Tag: Apple

Working toward a singular society

Tuesday, 3 May, 2016 0 Comments

“The iPad Pro is more than the next generation of iPads.” That was written by a blogger, who does not work with or for Apple. Now, here is the sentence as written by Apple: “iPad Pro is more than the next generation of iPad”. The blurb appears on the Apple iPad Pro webpage, and what’s noticeable is the lack of the definite article at the beginning of the sentence and the use of the singular at the end. In a world beset with enormous problems, this is not a critical issue but it was important enough for Philip Schiller, [the] senior vice president of global marketing at Apple, to engage in a debate on Twitter that resulted in the issuing of the following rule: “It would be proper to say ‘I have three macintosh’ or ‘I have three Macintosh computers.'”

According to the “Schiller Rule,” talking about “iPads” is grammatically incorrect. The correct style is “iPad devices.” As the man said, “One need never pluralize Apple product names.” Thinking of using “the” in relation to Apple products? Don’t. Delivering Apple’s results last week, CEO Tim Cook said the company was seeing very high customer satisfaction “for iPhone 6s and 6s Plus.”


To singularize, or pluralize, that is the question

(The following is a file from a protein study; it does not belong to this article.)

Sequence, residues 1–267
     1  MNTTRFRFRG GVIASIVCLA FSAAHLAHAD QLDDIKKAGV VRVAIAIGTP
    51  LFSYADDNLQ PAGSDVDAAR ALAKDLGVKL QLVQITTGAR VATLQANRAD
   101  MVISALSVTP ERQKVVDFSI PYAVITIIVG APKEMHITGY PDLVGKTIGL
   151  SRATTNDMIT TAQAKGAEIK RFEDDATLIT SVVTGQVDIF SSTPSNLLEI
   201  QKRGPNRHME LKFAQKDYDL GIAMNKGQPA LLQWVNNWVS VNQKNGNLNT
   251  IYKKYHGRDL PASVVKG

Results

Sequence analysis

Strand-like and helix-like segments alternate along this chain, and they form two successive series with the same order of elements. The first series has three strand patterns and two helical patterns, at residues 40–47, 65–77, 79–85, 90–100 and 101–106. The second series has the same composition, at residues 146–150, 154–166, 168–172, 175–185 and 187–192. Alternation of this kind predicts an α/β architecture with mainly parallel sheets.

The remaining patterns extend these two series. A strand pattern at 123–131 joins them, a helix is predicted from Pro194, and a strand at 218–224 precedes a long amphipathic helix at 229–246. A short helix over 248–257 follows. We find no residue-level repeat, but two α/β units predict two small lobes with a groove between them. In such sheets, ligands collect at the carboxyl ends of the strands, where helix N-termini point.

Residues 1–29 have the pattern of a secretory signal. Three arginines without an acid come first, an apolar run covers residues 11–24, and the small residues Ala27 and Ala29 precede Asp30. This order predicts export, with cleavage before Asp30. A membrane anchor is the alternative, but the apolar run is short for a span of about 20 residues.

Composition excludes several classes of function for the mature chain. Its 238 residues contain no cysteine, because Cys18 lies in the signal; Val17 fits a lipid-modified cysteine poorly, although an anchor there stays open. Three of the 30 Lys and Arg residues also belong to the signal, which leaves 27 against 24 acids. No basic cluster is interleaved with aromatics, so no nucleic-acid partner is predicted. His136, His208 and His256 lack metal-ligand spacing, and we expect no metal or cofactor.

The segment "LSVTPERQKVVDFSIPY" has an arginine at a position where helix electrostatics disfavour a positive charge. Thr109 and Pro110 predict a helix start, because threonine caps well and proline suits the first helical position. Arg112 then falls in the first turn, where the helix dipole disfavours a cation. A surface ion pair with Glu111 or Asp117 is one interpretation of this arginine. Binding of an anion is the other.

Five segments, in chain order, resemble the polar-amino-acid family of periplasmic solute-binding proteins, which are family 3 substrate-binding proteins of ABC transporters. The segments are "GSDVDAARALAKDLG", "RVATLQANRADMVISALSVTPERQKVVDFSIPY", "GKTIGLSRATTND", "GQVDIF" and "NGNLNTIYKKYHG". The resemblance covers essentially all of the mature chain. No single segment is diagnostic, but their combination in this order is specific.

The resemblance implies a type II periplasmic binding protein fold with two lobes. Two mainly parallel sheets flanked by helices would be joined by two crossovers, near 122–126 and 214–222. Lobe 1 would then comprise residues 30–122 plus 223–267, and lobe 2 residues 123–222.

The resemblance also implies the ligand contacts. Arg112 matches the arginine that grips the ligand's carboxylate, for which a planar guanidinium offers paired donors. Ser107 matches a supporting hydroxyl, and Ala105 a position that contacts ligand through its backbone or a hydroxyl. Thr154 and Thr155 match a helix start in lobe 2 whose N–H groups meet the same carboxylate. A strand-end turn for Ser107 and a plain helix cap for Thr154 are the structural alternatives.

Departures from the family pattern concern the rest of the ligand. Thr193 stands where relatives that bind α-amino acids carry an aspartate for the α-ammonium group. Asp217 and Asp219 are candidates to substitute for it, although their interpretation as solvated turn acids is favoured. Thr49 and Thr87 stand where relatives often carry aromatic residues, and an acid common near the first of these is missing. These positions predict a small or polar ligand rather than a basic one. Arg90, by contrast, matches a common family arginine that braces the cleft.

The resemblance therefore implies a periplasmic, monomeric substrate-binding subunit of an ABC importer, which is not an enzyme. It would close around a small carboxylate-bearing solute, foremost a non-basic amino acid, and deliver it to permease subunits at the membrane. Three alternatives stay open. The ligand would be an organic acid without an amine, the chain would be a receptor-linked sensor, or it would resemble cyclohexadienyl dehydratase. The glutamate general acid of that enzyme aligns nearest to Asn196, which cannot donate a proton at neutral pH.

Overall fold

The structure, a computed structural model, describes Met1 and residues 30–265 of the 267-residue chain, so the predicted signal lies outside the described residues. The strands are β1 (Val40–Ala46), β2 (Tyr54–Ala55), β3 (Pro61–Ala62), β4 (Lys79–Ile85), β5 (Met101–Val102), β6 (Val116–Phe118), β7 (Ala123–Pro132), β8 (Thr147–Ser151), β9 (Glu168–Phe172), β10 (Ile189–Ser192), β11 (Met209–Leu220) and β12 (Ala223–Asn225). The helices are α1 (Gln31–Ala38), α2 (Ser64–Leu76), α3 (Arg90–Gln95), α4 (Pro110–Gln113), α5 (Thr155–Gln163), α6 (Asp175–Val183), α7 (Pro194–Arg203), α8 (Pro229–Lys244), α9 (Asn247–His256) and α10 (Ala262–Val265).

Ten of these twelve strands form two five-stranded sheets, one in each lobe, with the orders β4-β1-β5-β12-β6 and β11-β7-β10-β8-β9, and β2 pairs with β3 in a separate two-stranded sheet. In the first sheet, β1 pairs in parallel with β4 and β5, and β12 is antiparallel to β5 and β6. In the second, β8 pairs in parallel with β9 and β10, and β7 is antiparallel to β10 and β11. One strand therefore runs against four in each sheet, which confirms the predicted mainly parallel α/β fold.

Monday, 2 May, 2016 0 Comments

The Rainy Day copy of the Concise Oxford English Dictionary, the twelfth edition, dates from 2011 and it’s beginning to show its age. Take the word “singularity,” which all nerds know is the approaching era when “our intelligence will become increasingly nonbiological and trillions of times more powerful than it is today.” According to our Concise Oxford English Dictionary, however, the definition goes like this:

singularity n (pl singularities) 1 the state, fact, or quality of being singular. 2 Physics & Mathematics a point at which a function takes an infinite value, especially a point of infinite density at the centre of a black hole.

The entry on “singularity” is followed by the definition of “singularize” or “singularise”, which is a verb, “1 make distinct or conspicuous. 2 give a singular form to (a word).” Its counterpart, “pluralize/pluralise”, is defined as “1 make something more numerous. 2 give a plural form to a word.” And this brings us to GitHub, the largest host of source code in the world, with 12 million users and some 31 million repositories, where Blake Embrey has added a module titled “pluralize” that uses “a pre-defined list of rules, applied in order, to singularize or pluralize a given word. There are many cases where this is useful, such as any automation based on user input,” he says.

Who, apart from lexicographers and coders, care about such wordy matters? Apple does, and tomorrow we’ll find out why Apple is at war with the singular and the plural of its product(s). Example: “It would be proper to say ‘I have 3 Macintosh.'”